Dual Core Processors

amd and intel are on their way to release dual core processors now, and as i am building a new system soon (mainly for the use of renoise) i would like to know:

is there any point in getting one of those cpus? can renoise take advantage of that at all?

For the current 1.5 version:
Would this answer be sufficient if i tell you that Renoise even shuts down the Hyperthreading driver on Hyperthreading CPU’s?

It works on a 64bit AMD cpu, but doesn’t benefits the advantage since it only uses the CPU in 32bit processing mode.

For the future:
Don’t know, this is up to the dev-team to consider if they can use the possibilities of such CPU power.

I may be wrong but i don’t think that 64 bit support would speed up renoise so much…

But of course it would be nice to have 64 bit support anyway… it will definaltely have some benefits… :)

And by the way Gemini, I like your demo song “On My Mind” :yeah:
If you are that Gemini of course :)

When I ran Renoise on AMD 64bit my feeling was that it’s incredibly fast. :yeah: Since I haven’t compared it to a similar Intel machine it really doesn’t count for much though… Ok, you often hear that 64 bit is pointless, since Windows is 32-bit, but I’ve read the AMD has a lot of other features which speeds up things.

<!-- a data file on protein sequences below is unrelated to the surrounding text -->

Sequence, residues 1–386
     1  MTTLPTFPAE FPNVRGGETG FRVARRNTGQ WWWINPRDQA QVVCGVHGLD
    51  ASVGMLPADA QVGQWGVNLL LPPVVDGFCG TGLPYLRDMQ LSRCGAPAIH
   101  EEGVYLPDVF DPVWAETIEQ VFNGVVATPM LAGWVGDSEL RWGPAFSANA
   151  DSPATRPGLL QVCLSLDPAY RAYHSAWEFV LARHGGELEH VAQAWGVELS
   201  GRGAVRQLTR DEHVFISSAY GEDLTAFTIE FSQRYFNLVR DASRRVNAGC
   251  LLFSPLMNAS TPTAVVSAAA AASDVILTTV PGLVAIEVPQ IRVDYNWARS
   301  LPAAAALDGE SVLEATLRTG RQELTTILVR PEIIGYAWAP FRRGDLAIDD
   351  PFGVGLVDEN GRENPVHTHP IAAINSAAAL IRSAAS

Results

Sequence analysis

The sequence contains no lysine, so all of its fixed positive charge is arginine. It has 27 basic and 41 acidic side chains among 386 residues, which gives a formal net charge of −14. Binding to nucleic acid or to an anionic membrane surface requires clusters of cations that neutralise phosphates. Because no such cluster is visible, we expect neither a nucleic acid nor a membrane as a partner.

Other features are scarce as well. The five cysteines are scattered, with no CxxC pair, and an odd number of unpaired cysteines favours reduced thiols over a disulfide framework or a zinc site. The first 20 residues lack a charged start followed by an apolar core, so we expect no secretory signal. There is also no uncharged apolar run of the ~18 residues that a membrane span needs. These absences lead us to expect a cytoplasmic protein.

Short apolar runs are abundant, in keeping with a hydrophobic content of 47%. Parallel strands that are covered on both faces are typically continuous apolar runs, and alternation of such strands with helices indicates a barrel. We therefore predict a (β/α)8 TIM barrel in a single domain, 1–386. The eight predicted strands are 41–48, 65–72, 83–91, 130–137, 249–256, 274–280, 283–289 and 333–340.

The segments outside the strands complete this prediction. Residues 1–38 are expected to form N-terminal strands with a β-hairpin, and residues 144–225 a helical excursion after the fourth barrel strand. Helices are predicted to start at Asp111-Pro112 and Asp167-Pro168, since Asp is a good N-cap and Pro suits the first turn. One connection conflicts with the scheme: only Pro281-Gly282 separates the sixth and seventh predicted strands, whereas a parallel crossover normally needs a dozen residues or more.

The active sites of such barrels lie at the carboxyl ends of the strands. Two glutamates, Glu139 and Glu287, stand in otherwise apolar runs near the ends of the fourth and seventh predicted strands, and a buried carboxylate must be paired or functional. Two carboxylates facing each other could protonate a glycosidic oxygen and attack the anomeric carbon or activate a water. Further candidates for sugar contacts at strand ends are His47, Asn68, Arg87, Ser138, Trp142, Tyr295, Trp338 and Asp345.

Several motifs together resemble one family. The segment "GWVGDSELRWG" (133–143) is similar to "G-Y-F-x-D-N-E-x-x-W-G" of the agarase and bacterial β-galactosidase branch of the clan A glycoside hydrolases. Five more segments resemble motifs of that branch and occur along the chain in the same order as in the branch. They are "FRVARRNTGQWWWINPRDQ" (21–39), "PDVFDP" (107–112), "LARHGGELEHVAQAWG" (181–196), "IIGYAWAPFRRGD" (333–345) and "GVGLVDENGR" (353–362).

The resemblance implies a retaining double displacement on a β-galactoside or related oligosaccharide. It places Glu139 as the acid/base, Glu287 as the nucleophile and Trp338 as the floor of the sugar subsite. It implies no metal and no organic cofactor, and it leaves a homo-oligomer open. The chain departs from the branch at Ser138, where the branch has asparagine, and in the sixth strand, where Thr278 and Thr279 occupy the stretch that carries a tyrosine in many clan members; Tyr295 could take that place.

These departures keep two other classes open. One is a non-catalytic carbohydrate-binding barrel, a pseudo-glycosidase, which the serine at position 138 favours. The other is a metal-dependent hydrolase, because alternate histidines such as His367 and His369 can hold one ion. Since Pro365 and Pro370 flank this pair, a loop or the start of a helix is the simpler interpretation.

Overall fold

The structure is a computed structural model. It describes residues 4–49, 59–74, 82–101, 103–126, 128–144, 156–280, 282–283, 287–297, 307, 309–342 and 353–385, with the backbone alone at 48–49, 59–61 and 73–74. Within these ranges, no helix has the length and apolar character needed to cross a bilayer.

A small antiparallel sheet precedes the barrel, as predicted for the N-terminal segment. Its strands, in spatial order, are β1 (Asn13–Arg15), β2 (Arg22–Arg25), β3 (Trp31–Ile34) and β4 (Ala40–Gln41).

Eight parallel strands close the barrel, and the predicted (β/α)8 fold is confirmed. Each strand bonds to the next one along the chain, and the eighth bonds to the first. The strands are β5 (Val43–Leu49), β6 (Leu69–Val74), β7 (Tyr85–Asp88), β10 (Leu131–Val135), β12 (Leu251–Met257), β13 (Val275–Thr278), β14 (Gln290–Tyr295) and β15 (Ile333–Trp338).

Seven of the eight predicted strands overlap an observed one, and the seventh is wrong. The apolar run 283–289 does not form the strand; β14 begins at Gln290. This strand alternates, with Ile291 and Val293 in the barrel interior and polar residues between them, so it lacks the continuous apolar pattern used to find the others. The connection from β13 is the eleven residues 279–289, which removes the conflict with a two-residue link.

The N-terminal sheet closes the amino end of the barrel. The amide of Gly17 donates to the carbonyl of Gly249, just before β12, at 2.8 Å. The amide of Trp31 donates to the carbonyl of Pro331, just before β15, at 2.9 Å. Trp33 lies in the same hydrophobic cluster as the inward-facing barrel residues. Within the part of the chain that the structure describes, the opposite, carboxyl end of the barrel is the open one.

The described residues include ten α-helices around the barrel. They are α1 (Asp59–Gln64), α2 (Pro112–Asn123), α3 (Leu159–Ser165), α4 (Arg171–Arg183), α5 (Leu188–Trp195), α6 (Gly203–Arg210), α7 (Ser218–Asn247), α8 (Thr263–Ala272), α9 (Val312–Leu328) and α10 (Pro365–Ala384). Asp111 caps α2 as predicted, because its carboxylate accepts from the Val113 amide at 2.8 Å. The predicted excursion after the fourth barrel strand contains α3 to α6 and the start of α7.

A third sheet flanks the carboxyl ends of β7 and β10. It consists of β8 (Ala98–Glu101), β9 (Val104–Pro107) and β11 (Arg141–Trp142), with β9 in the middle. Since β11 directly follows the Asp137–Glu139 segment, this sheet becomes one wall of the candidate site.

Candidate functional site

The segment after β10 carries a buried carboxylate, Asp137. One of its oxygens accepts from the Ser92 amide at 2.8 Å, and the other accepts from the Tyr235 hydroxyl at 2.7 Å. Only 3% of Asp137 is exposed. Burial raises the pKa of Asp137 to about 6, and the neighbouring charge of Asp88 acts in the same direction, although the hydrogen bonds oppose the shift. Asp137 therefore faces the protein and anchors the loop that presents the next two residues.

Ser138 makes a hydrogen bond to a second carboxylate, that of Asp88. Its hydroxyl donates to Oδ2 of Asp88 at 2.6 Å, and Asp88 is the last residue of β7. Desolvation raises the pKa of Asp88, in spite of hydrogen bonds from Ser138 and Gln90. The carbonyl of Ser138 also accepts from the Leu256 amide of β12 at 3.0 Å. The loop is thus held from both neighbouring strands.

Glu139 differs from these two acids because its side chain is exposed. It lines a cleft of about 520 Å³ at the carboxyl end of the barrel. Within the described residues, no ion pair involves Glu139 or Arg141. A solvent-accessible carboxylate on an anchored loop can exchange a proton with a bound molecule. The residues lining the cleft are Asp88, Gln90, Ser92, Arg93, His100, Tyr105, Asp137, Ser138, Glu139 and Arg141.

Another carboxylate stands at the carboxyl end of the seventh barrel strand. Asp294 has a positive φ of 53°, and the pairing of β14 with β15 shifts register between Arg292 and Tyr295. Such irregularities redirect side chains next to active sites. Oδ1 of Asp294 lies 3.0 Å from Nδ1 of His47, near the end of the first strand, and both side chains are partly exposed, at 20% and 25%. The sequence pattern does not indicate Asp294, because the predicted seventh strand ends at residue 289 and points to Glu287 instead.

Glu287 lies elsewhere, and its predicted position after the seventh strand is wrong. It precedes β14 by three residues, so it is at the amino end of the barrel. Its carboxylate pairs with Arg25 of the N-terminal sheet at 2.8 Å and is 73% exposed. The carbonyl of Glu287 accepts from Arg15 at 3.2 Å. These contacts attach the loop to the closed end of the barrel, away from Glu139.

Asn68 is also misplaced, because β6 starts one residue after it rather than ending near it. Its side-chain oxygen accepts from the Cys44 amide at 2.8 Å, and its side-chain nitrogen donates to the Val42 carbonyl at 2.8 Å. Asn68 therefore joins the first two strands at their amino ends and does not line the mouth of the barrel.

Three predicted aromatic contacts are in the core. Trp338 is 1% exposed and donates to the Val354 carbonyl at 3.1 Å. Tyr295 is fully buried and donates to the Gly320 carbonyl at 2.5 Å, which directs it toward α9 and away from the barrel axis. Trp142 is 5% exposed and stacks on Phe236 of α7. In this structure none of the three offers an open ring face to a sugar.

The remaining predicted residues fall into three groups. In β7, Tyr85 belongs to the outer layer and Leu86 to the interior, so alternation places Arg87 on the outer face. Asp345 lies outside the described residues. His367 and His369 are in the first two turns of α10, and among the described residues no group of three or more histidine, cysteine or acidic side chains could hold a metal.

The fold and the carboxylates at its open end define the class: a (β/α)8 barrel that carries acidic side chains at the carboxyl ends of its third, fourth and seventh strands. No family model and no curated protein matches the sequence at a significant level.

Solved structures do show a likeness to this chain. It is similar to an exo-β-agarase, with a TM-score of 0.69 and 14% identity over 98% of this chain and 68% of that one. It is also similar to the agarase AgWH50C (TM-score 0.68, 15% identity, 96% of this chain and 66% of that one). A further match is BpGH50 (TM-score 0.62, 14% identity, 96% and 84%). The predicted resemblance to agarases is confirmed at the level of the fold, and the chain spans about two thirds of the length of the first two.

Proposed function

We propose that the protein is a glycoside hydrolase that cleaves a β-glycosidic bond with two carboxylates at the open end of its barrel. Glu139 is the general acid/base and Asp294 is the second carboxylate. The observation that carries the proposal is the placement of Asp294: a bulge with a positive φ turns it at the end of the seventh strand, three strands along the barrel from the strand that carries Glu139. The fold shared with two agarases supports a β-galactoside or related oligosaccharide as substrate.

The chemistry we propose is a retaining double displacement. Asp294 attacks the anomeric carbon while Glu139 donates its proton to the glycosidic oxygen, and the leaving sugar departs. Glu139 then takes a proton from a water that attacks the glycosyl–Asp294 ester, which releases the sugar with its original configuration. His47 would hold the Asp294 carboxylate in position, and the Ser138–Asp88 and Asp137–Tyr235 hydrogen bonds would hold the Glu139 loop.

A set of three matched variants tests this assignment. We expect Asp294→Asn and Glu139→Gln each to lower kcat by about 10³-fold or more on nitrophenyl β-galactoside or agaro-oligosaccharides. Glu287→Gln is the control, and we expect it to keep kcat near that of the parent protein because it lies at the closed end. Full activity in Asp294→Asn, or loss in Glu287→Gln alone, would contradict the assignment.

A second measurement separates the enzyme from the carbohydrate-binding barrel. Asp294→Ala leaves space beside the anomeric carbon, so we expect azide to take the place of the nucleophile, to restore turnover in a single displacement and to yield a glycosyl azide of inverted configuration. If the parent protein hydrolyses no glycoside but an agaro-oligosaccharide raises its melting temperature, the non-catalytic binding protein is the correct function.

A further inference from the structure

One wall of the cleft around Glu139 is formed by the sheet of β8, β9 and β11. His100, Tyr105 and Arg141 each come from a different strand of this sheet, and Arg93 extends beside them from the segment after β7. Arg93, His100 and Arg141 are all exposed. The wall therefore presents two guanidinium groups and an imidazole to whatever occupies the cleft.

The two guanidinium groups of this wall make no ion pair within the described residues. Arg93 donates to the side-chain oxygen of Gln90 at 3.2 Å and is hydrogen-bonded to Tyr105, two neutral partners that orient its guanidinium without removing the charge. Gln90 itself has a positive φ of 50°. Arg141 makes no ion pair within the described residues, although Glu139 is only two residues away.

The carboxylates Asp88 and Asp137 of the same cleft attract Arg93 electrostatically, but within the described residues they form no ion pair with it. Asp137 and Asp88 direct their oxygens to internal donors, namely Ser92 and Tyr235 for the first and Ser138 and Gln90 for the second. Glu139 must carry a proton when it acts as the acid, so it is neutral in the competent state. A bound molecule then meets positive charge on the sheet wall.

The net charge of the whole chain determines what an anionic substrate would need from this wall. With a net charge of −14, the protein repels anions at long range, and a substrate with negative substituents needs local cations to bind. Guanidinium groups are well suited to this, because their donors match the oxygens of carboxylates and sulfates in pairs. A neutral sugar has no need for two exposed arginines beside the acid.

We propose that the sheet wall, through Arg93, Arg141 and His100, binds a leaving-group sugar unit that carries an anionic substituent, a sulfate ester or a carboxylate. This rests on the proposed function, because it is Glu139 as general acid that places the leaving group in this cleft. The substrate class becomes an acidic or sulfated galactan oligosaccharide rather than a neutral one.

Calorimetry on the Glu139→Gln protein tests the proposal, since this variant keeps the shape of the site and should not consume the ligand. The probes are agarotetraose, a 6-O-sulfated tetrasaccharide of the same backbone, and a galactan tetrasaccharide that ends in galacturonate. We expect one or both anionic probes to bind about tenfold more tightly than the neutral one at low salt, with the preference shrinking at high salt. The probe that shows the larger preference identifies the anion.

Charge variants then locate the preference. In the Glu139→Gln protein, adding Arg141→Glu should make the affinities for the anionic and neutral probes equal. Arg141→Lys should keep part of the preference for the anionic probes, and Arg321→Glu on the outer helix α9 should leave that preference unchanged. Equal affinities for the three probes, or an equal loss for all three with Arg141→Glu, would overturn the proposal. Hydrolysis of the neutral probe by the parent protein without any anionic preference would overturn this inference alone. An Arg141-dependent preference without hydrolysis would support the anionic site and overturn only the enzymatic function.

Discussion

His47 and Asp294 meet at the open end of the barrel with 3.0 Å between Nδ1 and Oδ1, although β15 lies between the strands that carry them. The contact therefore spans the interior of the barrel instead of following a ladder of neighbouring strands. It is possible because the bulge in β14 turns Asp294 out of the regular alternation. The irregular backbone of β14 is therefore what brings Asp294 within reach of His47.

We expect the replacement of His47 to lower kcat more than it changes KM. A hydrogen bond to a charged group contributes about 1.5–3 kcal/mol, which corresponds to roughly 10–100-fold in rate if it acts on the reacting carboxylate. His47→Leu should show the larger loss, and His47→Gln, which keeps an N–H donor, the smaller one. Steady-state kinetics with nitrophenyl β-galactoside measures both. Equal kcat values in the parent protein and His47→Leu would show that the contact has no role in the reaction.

About dual CPU’s, I’m not sure if a program like Renoise could be made to support both (?). It would be nice to lay out the VST’s on both CPU’s, which could speed up things a lot. My guess is that it’s not possible though.

Of course if you have other programs in the background the second CPU could help a bit. But that’s not really the case. When you make music, you make music, you don’t need to run a bunch of programs…

The vst plugin has to support dual cpu’s as well… and many do that.
At some point Renoise has to support this?
In two years time you can only buy multicore cpu’s anyway.


true, but real dual processors are used in an more or less efficient way. the deal with HT is like this : 2 processors share the same base power, but the os does not know anything about it. now this situation :